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The aim of this project is to create an automatic dice roller controlled via Twitter. It uses a Raspberry PI v3 interfaced with a modified dice roller via a relay hat. The code is written in Python, using Open CV and Twython.

Step 1: Materials Needed

The hardware needed for this project is:

  • Raspberry PI 3 + PI Camera
  • 115 degrees FOV lens and lens adapter for the PI Camera
  • Raspberry PI case with Go Pro mount
  • Relay HAT
  • Camera tripod + GO Pro mount adapter
  • USB power supply
  • 3 VDC power supply
  • USB light
  • 3 standard dice with black dots (the ones supplied with the dice roller are quite ugly)
  • a battery operated dice roller

Furthermore you'll need a monitor, keyboard and mouse just during the setup phase, in order to align and focus the camera.

I got all my hardware on Amazon, but I think it's easily available on eBay as well...

The software needed for this project is:

  • Python 2.7.12
  • OpenCV 3.1.0
  • Twython 3.4.0

Step 2: Dice Roller Modification

The dice roller need to be modified in order to be powered with a 3 VDC supply and controlled with the relay HAT:

  1. Remove dome and the dome cover
  2. choose a paper cup of a suiting size, and cut it in order to get a tube. fit the cup on the dice roller. In this way you can take a clean picture of the dice from above
  3. Remove batteries
  4. Remove the bottom plate to access the battery and push button terminals
  5. Solder a couple of wires in parallel with the battery leads and a couple of wires in parallel with the push button
  6. Route the wires out of the container and reassemble the bottom plate

Job done!

note:

  • I used a USB connector but the motor is a 3 VDC one. Indeed I'm using a 3 VDC power supply with a USB adaptor.

Step 3: Picamera Modification

The PI Camera is a fixed focus device, while we need to adjust the focus to our needs. So we can upgrade the camera with a standard M12 2.8mm 115º fixed IRIS lens for security CCTV cameras and a lens Holder with 21mm hole spacing. Proceed as follows:

  • use pliers to remove the original lens
  • modify the lens holder in order to fit the camera connector (see picture)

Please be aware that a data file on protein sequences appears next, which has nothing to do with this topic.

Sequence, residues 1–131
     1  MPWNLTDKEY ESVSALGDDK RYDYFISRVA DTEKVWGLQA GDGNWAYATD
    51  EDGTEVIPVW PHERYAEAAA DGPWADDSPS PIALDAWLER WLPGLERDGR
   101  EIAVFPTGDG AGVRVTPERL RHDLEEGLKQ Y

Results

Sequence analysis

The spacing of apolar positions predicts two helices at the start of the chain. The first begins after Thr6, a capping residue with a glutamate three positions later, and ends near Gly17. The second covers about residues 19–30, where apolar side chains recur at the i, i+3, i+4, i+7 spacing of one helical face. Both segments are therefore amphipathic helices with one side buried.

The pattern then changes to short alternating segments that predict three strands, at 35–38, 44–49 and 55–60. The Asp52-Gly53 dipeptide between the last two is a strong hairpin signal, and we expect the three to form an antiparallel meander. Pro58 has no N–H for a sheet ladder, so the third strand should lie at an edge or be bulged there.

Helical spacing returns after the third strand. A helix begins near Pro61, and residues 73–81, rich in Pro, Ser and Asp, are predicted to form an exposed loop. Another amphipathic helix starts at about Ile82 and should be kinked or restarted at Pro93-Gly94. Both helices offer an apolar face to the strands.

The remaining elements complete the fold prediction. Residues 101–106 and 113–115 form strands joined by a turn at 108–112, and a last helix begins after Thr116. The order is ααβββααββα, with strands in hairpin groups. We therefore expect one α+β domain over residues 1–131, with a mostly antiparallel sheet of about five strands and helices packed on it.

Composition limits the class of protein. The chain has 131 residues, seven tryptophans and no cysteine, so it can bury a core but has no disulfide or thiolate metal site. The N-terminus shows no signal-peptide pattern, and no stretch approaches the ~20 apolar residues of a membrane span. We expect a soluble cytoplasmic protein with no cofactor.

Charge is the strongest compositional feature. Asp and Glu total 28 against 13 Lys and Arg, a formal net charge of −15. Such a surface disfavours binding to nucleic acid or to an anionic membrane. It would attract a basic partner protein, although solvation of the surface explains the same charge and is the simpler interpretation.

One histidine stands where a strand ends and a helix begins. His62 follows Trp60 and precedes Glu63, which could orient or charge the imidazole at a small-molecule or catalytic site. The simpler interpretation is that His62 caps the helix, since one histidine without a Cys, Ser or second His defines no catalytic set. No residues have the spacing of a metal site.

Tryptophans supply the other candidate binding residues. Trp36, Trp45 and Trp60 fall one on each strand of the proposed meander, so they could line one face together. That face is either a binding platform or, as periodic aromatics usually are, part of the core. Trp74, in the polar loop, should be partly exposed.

• screw in the lens
  • modify the camera case (if needed) in order to fit the lens holder

Job done!

Step 4: Relay HAT Connection

Mount the relay HAT on the back of the case using biadhesive tape. Connect terminals as shown.

Step 5: Final Assembly

Let's assembly the system:

  • Attach the raspberry to the tripod as shown
  • Position the led light and the dice roller
  • Connect raspberry to USB power
  • Connect led light to USB power
  • Connect dice roller to to 3 VDC power
  • Connect dice roller push button wires to relay HAT

At the beginning you'll need to connect monitor, keyboard and mouse as well (not shown), in order to align the camera properly

  • Adjust position and focus in order to get an image of the dice similar to the one shown

Step 6: Getting Twitter API Keys

To use this device via twitter you'll need a twitter account and access tokens. I'm not writing down a tutorial for this part, but you can check this instructable:

https://www.instructables.com/id/Raspberry-Pi-Twitterbot/

...it's explained pretty well! :)

Step 7: Coding

So you finally got everything ready... what else? You need the code! Just replace the twitter authorization data in it with your own and everything should work. the code is widely commented, so if you want to change something just go trough it...

You'll probably want to change the "userCommand" to suit your twitter account. For me the commands were:

@hombremagnetico roll the dice!

The RasPI will activate the relay shield starting the dice roller for 1 second, then it will switch the relay off. It will then wait for two seconds for the dice to stop, and then it will take a picture, process it and update the stats (file and graph). The processed picture will be tweeted back to the user.

@hombremagnetico stats please!

to get a graph with the updated statistics. The updated stats graph will be tweeted back to the user.

Have fun!

Amazing idea! Who would have thought of this :D
Thank you RGBFreak!
<p>This is great! What made you want to build something like this? </p>
Thank you tomatoskins! :) I was thinking about the ubiquitous money-eater machines you can find at the pub or similar places. A lot of people waste money on them, without the chance go know anything about the software behind. This is pure randomness instead...

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